Grievous Angel is the second solo album by American singer, songwriter, guitarist and pianist Gram Parsons, compiled from summer 1973 sessions and released four months after his death in September 1973 from a morphine and alcohol overdose. It received great critical acclaim upon release, but failed to find commercial success, a fate shared with his previous efforts solo and with The Flying Burrito Brothers. The album peaked at number 195 on the Billboard charts. Despite its modest sales, it continues to be viewed as a successful example of the hybrid between country and rock and roll Parsons called "Cosmic American Music". In 2012, the album was ranked number 425 on Rolling Stone magazine's list of the 500 greatest albums of all time.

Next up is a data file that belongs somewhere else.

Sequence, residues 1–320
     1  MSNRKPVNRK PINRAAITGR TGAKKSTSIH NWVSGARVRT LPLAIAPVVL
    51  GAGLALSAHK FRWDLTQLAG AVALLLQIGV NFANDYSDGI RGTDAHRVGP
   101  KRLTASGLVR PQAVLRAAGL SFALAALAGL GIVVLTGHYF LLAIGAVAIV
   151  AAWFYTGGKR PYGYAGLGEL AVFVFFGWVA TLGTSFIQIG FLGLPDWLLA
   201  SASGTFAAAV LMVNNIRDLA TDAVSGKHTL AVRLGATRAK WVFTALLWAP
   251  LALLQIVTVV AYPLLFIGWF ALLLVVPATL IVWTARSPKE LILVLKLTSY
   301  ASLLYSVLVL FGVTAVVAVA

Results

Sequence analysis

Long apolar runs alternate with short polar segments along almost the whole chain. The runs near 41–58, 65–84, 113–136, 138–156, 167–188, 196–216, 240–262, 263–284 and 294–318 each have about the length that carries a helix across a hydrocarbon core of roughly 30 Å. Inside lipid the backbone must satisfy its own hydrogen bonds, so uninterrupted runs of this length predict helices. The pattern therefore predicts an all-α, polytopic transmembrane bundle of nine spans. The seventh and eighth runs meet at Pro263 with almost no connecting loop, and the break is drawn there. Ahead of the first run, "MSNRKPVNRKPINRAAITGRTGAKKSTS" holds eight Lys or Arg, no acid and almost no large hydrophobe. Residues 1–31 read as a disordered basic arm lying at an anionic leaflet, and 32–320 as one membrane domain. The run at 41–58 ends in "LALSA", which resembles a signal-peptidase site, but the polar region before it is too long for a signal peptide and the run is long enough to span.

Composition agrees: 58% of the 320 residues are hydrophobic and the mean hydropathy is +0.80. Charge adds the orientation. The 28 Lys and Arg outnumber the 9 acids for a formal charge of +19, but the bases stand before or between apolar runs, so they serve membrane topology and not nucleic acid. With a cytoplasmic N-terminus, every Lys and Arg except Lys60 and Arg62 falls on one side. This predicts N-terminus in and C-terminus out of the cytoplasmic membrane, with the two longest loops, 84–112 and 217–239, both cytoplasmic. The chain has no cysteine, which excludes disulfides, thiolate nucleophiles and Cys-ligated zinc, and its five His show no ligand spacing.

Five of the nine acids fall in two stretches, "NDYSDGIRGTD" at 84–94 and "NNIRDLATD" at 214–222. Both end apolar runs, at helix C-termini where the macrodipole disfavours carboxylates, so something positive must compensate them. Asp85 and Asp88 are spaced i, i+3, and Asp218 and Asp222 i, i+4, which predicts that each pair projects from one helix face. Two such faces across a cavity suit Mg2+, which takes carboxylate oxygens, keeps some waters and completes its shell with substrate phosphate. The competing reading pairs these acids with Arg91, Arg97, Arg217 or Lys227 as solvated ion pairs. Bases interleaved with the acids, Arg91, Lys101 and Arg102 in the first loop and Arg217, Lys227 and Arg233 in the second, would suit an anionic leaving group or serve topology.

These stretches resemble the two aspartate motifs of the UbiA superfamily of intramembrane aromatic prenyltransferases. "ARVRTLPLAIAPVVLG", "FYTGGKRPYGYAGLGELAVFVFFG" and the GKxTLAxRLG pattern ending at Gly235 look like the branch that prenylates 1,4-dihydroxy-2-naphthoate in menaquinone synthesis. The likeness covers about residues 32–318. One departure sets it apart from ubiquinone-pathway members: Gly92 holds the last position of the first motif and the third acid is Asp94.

Parsons' fondness for drugs and high living are said to have been catching up with him while he was recording Grievous Angel, and sadly he wouldn't live long enough to see it reach record stores, dying from a drug overdose in the fall of 1973. This album is a less ambitious and unified set than his solo debut, but that's to say that G.P. was a great album while Grievous Angel was instead a very, very good one. Much of the same band that played on his solo debut were brought back for this set, and they perform with the same effortless grace and authority (especially guitarist James Burton and fiddler Byron Berline). If Parsons was slowing down a bit as a songwriter, he still had plenty of gems on hand from more productive days, such as "Brass Buttons" and "Hickory Wind (which wasn't really recorded live in Northern Quebec; that's just Gram and the band ripping it up live in the studio, with a handful of friends whooping it up to create honky-tonk atmosphere). He also proved to be a shrewd judge of other folks material as always; Tom T. Hall's "I Can't Dance" is a strong barroom rocker, and everyone seems to be having a great time on The Louvin Brothers's "Cash on the Barrelhead." As a vocal duo, Parsons and Emmylou Harris only improved on this set, turning in a version of "Love Hurts" so quietly impassioned and delicately beautiful that it's enough to make you forget Roy Orbison ever recorded it. And while he didn't plan on it, Parsons could hardly have picked a better closing gesture than "In My Hour of Darkness." Grievous Angel may not have been the finest work of his career, but one would be hard pressed to name an artist who made an album this strong only a few weeks before their death – or at any time of their life, for that matter.
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